A widely applied procedure to immobilise heterogeneous electrocatalysts onto an electrode is drop casting. In this procedure a suspension of the catalyst in a Nafion-based ink is casted onto an electrode surface, e.g. a glassy carbon (GC) electrode, and a catalyst coating is formed on the surface after evaporation of the solvent. Despite the simplicity and many successful studies using this approach,36,37,44 it is not applicable for all types of materials due to limited adhesion strength, as the catalyst is not covalently tethered to the substrate. For example, solvothermally synthesised MOFs, including HKUST-1, often form large crystals with sizes of tens of microns. They easily detach from the electrode surface by immersion of the electrode into a solution. One method to form stable electrodes is by grafting the catalyst onto the electrode surface by means of covalent bonding. Hou et al. used a 4-carboxyphenyldiazonium salt to functionalise the surface of GC electrodes, which were subsequently immersed into a precursor solution to grow continuous defect-free films of MOF-5.45 Similarly, Balakrishnan et al. electrografted the same diazonium salt on GC plates to grow HKUST-1 films by means of solvothermal synthesis or microwave-assisted methods.46

In this study, we have developed a general and reliable method to prepare solution-resistant MOF-based composite coatings on glassy carbon substrates. Electrografting with diazonium salts and subsequent solvothermal synthesis were used to chemically tether HKUST-1 to glassy carbon substrates, similarly to the approach by Balakrishnan et al., who focused on bare HKUST-1 and not on composites.46 Hybrid HKUST-1/graphene composites were prepared to form a bulk powder and film-coated electrodes with homogeneously distributed graphene flakes. Graphene was chosen due to its good electrical conductivity and charge transfer properties.47–49 The differences in material structure and properties between HKUST-1 and an HKUST-1/graphene composite with 8 wt% graphene are presented herein through detailed characterisation using X-ray diffraction (XRD), scanning electron microscopy (SEM), Raman mapping, electron paramagnetic resonance (EPR) spectroscopy, gas sorption studies, and electrochemical conductivity tests. Moreover, the electrocatalytic CO2 reduction properties of the bare MOF and composite films were investigated, and the stability of the films under working conditions was compared to that of drop casted films.


Material synthesis

All chemicals were supplied by Sigma-Aldrich and used without further purification.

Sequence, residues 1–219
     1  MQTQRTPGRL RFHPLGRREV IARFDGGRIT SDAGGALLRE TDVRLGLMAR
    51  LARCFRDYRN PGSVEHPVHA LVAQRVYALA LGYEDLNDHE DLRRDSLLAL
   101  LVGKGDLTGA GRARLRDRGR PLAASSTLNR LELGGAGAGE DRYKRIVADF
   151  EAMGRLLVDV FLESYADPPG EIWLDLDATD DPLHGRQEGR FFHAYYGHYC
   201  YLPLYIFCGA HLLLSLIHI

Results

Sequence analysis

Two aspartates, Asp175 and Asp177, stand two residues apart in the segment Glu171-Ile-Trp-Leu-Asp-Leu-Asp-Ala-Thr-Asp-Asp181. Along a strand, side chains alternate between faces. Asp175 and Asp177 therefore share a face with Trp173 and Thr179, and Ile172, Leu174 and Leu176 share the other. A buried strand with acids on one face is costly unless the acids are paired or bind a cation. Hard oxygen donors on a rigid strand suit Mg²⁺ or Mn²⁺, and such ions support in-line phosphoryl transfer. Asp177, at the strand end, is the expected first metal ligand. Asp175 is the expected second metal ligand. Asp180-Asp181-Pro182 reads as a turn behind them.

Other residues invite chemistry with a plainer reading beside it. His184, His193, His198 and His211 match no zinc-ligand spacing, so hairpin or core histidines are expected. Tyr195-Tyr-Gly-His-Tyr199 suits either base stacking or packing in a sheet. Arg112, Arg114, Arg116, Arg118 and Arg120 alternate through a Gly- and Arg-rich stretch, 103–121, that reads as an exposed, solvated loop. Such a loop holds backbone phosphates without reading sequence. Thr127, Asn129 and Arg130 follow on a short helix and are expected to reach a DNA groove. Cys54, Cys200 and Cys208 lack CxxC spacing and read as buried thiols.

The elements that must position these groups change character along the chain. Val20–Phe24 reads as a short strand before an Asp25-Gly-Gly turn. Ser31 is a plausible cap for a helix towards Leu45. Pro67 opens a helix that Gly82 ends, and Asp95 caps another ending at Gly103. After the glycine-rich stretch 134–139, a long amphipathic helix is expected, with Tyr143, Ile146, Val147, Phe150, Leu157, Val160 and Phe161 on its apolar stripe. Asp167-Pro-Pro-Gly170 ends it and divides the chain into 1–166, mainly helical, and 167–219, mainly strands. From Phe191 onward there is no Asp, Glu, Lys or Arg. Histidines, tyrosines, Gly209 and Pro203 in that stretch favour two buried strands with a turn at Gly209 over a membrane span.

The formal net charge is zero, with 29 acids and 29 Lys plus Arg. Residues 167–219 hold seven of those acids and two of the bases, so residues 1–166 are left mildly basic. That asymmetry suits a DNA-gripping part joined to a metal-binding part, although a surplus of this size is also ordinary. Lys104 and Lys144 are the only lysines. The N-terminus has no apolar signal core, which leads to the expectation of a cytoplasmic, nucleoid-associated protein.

Preparation of graphene. Graphene was produced by mechanical exfoliation of graphite.50 In a conical flask 400 mL of N-methyl-2-pyrrolidone (NMP, HPLC grade) was added to 20 g of graphite (flake size < 20 μm). The head of a shear-mixer (ProScientific Pro SC-250, with a Pro's Standard 30 mm Generator head mounted) was dipped into the mixture and positioned approximately 2 mm from the bottom of the flask. The solution was blended for 3 h (rotation speed 10[thin space (1/6-em)]000 rpm, corresponding to a shear rate of ∼18[thin space (1/6-em)]500 s−1). The final solution was cooled down naturally to room temperature before centrifuging it for 20 minutes at 2700 rpm (Hettich Zentrifugen – Universal 16 A) to remove unexfoliated graphite. The supernatant contained the shear-exfoliated graphene, which was isolated by suction filtration and washed with ethanol. Finally, the graphene was dried overnight at 70 °C.
Functionalisation of glassy carbon (GC). GC plates (10 × 10 × 1 mm3) were cleaned by sonication in acetone (HPLC grade), milliQ-H2O and pentane (HPLC grade), 10 minutes in each solvent, and subsequently dried in an argon stream.

The GC surface was modified by means of diazonium electrografting.51–54 A 0.1 M solution of tetrabutylammonium tetrafluoroborate (TBA·BF4) in acetonitrile (HPLC grade) was used as electrolyte, and 4-carboxyphenyldiazonium tetrafluoroborate was added to give a 2 mM solution. For the electrografting a three-electrode electrochemical setup was used; the GC plate was used as the working electrode, a Pt wire was used as counter electrode, while a Ag/AgI electrode was used as reference. Potentials recorded using the Ag/AgI reference electrode were converted to the saturated calomel electrode (SCE) reference by using the relation ESCE = EAg/AgI – 0.380 V. Cyclic Voltammetry (CV) was used to graft the diazonium salt onto the GC surface by performing a single CV experiment in the range from +0.72 V to −0.88 V vs. SCE, using a scan rate of 10 V s−1.54 Finally, the functionalised GC plates were sonicated for 5 minutes in acetone (HPLC grade) and dried.